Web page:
- Inside OV, again. A second investigation reveals more details about the workplace at Outdoor Voices, which recently ousted founder Ty Haney. Ex-employees say a "toxic culture ... trickled down" from Haney. "In terms of creative direction, she’s a visionary and a f*** genius. ... Do I think she can run a company? Absolutely not," one employee said. Haney declined to comment beyond a statement and her Instagram post in which she cited "an unsettling trend lately to interview ex-employees of female-founded companies and report their claims either at face value or without any context." BuzzFeed
- Not so subtle. In court filings in the U.S. Women's National Team's gender pay discrimination lawsuit, U.S. Soccer explicitly argues that "the job of a [men’s national team player] carries more responsibility within US Soccer than the job of a [women’s national team] player" and that "indisputable science" proves that being a men's player "requires a higher level of skill." "Well let it be known how they really feel about us. But here we are still showing up," player Ashlyn Harris wrote on Twitter. BuzzFeed
- Get well, Hanks-Wilsons! Hollywood power couple Tom Hanks and Rita Wilson that they have coronavirus, becoming the highest profile celebrities to announce that they've tested positive. Fortune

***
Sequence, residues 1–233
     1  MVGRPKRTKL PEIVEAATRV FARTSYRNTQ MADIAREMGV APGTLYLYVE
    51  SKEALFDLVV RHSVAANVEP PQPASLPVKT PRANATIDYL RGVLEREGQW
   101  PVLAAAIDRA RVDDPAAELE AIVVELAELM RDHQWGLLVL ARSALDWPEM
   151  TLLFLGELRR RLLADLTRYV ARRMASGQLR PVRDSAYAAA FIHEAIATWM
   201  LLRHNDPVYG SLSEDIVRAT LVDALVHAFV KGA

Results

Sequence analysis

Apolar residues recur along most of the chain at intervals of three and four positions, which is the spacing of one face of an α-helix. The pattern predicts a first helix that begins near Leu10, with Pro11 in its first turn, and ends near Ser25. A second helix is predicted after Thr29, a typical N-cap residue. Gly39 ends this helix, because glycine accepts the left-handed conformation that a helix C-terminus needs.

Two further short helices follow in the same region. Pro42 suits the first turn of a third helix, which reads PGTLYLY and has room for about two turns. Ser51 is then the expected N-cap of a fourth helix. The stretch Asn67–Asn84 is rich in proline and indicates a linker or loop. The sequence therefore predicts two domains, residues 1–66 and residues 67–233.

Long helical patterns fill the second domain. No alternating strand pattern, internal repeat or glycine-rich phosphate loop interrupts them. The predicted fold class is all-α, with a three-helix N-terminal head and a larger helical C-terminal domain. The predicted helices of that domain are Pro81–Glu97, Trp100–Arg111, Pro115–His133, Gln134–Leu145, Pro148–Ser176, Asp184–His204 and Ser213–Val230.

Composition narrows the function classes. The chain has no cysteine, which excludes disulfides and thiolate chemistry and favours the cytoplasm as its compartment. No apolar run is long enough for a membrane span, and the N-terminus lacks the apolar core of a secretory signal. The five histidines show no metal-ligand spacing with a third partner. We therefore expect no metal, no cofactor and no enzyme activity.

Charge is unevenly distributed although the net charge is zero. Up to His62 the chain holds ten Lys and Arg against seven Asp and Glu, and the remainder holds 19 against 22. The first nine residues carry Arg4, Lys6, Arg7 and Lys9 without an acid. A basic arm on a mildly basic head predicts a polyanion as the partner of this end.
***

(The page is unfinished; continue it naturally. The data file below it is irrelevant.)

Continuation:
MOVERS AND SHAKERS: Citigroup hired Banco Santander's Loretta Ko to head its financial institution group. The Adecco Group nominated Rachel Duan, president and CEO of GE's global markets, to its board. NEA promoted Liza Landsman to general partner. Levity Live hired Caruso's Amber Gainey Meade as VP of marketing.
IN CASE YOU MISSED IT
- Oil downturn for Occidental. Occidental Petroleum's deal to purchase Anadarko, brokered by Occidental chief Vicki Hollub, isn't looking good amid the crash in oil prices. Occidental is cutting quarterly dividends and cutting spending to reduce the debt it took on to close the Anadarko deal. Wall Street Journal
- The business of face-touching. How does the new coronavirus affect something many women use every day: makeup? Sales of hand cream are up, experts expect eye makeup trends to take off if more women start wearing masks covering the bottom halves of their faces, and direct-to-consumer companies like Glossier could be less affected than chains like Sephora with larger retail businesses. New York Times
- Diversity report. Sen. Kamala Harris reflected yesterday on the coverage of her presidential campaign. "If you don’t notice the shine in the little black girl’s eyes because you don’t look in their eyes, you’re not going to write about that," she told a group of black reporters, criticizing the lack of diversity in the campaign press corps. BuzzFeed
ON MY RADAR
Coronavirus could cause crash on scale of 2008, Lagarde warns Guardian
Biden should credit his victory in Michigan to women Washington Post
Why can't women win on the internet? Bustle
-Michelle Obama in a Vogue interview